Monday, October 11, 2010

10/11 Report - First Church Found in St. Augustine & Coin Lines

First Parish Found in St. Augustine.

Photo in St. Augustine Catholic magazine. See link below.

The following linked article is from the St. Augustine Catholic Magazine which tells about the first parish in the United States. It was found near Aviles St. in St. Augustine and was destroyed by Francis Drake in the 16th Century.

Here is the link.

If you are interested in hunting fossils, here is a web site that will give you a lot of background. It also links to the Florida Museum of Natural History web site.
The water level on Florida rivers is now low enough to hunt fossils in Florida rivers such as the Peace River.

Here is the link.

And here is a YouTube Video from SedickCoins showing items from their upcoming auction.

Pretty neat.

I recently mentioned that is helpful to be able to quickly identify coin lines if and when you happen to run into one.

Just to repeat, I define a coin line, as a number of coins found running in a line parallel to the water line. A coin line can vary in length and width. A narrow line would create nearly a straight line if you drew a line between the coins. A wider line would create a rectangle pattern.

A coin hole, on the other hand is a bunch of coins in an area roughly the shape of an oval.

In both a wide coin line and a coin hole, zinc pennies will generally be higher on the beach and further away from the water, while heavier coins, such as quarters will be generally be found closer to the water and lower on the beach.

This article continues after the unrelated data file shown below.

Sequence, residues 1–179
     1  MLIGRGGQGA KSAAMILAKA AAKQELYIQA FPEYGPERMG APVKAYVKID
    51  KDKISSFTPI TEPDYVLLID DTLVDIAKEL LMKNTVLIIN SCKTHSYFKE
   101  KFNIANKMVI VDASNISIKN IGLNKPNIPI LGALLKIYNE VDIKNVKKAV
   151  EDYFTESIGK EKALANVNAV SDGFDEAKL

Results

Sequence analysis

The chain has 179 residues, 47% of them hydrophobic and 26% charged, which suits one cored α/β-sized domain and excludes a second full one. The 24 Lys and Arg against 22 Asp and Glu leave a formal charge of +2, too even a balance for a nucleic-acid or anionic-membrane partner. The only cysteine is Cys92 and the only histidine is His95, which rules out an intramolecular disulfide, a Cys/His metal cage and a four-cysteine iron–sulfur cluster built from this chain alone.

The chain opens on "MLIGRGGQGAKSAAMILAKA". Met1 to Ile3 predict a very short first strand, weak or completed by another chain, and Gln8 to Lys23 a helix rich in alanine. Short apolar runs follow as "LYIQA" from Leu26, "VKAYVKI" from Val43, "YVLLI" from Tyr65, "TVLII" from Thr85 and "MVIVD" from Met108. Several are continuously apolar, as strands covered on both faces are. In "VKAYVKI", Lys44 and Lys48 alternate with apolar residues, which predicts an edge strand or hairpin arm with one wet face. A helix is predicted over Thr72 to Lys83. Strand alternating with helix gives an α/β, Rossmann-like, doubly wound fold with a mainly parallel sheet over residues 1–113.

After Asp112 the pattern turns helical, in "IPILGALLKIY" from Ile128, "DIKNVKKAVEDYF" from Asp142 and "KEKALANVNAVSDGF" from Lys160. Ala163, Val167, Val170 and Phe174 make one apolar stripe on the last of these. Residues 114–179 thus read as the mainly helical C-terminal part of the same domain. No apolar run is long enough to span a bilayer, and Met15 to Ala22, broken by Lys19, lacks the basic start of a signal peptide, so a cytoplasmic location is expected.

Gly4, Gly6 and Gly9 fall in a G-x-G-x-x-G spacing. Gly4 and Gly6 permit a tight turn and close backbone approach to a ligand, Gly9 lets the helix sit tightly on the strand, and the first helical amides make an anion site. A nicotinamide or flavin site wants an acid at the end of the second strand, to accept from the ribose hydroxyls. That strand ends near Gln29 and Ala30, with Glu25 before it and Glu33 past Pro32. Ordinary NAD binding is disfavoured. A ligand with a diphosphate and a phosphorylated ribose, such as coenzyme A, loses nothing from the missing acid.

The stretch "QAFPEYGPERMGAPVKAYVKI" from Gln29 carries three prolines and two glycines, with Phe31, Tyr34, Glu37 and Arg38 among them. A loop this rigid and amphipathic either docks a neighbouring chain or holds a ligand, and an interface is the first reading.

The point I wanted to discuss now is how to identify a coin line when you do run into one.

First, the best thing to do when finding a coin that might possibly be part of a coin line, is to check around the found coin in all directions. If another coin is found above or below or to the left or right of the first, then there is a stronger possibility that the find is a part of a coin line. Again, check in around the latest find and see if there is another.

If you find two or three about the same distance form the water, check on either side of those to see if the line continues. Make sure to cover the area in between coins and the area above and below to see if the line is narrow or wide.

Just the other day I found a very narrow, or what I would call a "tight," coin line.
There were a number of coins roughly equidistant from the waterline in a line that ran for 70 to 100 yards. Very few other coins were found other than those in the line.

I use a few different scan patterns to quickly identify coin lines, but I'll have to continue with that some other time.

The main point is, when you find one item, check to determine if it might be part of a line or hole. If you find that it is, then you know where to spend your time, either following the line or working the hole.

Forecast and Conditions.

The wind is now from the west and the seas are calm. It is a good time to check the low tide areas and get into the water where that is permissible.

If I was going to get into the water I would be looking for places where the sand was recently removed, like dips or where there were rip currents that moved the sand.

Sometimes the dips below old cuts are good.

There is no tropical activity to speak of.

Remember where cuts and holes appeared last week. Certain holes tend to reappear seasonally year after year.